How to Prevent and Remove Mildew — Home Methods

Keep things clean

Keep closets, dresser drawers, basements — any place where mildew is likely to grow — as clean as possible. Soil on dirty articles can supply enough food for mildew to start growing when moisture and temperature are right. Greasy films, such as those that form on kitchen walls, also contain many nutrients for mildew-causing molds.

Clean clothing is less likely to mildew than soiled clothing.

Get rid of dampness

Mold spores are present in the air and may settle onto surfaces if there is sufficient moisture.

A damp basement, or any other structure, is often caused by moisture condensation from humid air onto cooler surfaces. Excessive moisture may indicate that repairs or additional insulation are needed. Replace cracked or defective mortar. Some basements are continually wet from water leaking through crevices in the wall. Make sure outside drainage is adequate.

For waterproofing concrete and other masonry walls above ground, apply two coats of cement paint, tinted with mineral coloring if desired. Waterproofed coatings to seal absorbent brick and other outside surfaces may be needed.

Spread a layer of moisture-barrier material over the soil in crawl spaces under houses. You can use heavy roofing paper or polyethylene plastic film. Good ventilation is important. If possible, do not enclose the crawl space. In extreme cases, a fan or blower may be needed to move the humid air from under the building.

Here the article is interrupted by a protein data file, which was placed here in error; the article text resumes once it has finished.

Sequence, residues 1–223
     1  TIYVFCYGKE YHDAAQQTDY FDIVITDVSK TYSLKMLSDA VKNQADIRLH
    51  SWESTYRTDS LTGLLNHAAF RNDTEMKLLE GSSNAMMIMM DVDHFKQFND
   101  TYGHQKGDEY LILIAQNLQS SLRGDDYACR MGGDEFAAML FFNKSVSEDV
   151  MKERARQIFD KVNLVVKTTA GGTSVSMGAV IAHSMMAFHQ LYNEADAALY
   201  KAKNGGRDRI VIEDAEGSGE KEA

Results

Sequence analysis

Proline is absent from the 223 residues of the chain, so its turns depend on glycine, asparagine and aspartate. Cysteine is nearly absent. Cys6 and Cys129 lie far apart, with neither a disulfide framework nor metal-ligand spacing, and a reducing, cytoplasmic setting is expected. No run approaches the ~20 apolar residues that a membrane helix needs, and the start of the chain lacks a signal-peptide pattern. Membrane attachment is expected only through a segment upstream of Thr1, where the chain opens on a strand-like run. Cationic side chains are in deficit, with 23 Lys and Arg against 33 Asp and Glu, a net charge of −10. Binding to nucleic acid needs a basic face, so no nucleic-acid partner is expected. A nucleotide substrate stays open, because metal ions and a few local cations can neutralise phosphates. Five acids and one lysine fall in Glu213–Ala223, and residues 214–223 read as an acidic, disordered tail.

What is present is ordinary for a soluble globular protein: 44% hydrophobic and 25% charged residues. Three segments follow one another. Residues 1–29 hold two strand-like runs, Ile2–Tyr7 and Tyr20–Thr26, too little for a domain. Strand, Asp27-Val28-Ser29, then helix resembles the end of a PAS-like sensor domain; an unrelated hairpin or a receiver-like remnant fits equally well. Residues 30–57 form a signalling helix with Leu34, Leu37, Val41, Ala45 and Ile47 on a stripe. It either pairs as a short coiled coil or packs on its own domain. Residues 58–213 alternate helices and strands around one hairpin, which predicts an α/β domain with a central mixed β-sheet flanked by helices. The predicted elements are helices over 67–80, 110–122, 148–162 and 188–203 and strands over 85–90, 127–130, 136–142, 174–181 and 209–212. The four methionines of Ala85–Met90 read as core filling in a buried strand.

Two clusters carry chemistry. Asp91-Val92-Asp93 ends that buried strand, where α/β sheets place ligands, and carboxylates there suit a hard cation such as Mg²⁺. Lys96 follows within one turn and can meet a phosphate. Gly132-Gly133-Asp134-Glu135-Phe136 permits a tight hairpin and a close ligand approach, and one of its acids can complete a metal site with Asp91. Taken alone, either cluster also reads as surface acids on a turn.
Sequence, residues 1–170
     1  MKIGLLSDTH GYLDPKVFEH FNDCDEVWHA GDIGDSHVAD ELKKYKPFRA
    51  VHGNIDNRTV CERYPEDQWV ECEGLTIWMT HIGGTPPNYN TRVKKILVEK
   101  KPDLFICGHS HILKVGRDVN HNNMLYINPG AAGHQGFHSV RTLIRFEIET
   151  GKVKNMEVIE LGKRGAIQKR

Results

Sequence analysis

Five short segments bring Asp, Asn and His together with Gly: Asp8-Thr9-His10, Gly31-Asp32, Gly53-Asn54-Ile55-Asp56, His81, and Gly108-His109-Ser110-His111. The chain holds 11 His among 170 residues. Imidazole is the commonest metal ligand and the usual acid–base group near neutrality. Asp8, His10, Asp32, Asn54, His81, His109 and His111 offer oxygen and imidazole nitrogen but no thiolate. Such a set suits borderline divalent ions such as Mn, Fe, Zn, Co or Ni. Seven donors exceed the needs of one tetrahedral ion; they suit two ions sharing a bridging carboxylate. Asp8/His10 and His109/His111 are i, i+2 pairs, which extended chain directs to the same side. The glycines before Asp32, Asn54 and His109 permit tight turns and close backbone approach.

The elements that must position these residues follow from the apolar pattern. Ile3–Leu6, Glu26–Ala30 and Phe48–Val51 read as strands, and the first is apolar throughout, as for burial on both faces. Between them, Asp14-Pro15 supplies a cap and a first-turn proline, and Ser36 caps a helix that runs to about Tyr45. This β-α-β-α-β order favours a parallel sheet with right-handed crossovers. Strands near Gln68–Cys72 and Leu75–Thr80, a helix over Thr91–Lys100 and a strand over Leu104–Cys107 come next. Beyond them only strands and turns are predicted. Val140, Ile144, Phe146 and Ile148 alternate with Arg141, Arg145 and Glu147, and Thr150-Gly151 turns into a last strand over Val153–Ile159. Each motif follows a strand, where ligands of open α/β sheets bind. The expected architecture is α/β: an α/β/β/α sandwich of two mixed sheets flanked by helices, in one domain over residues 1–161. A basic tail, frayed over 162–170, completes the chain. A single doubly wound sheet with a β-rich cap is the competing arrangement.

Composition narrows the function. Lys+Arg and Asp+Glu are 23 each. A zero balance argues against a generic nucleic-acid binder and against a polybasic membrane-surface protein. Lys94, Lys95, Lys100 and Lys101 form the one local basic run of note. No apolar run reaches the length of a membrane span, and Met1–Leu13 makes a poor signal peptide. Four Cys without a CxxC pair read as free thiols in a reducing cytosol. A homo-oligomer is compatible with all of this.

If your clothes dryer is equipped with a vent, have it exhausted to the outside to remove moist air.

Dry the air

Air conditioners and dehumidifiers. Cool air holds less moisture than warm air. Properly installed air-conditioning systems remove moisture from the air by taking up warm air, cooling it (which removes the moisture) and circulating the cool, dry air back into the room. In rooms that are not air-conditioned — especially the basement — mechanical dehumidifiers are useful. A humidistat can be attached to the unit to control the humidity. Mechanical dehumidifiers, however, can add heat to a room.

When using air-conditioners or dehumidifiers, keep windows and doors closed.


Get rid of dampness by heating the house for a short time. Then open doors and windows to let out the moisture-laden air. An exhaust fan may be used to force it out. Air in closets and other small areas can be dried by using an electric light continuously (60- to 100-watt bulb). The heat will prevent mildew if the space is not too large.

* Be sure to place the light bulb far enough from clothing and other flammables to avoid the danger of fire.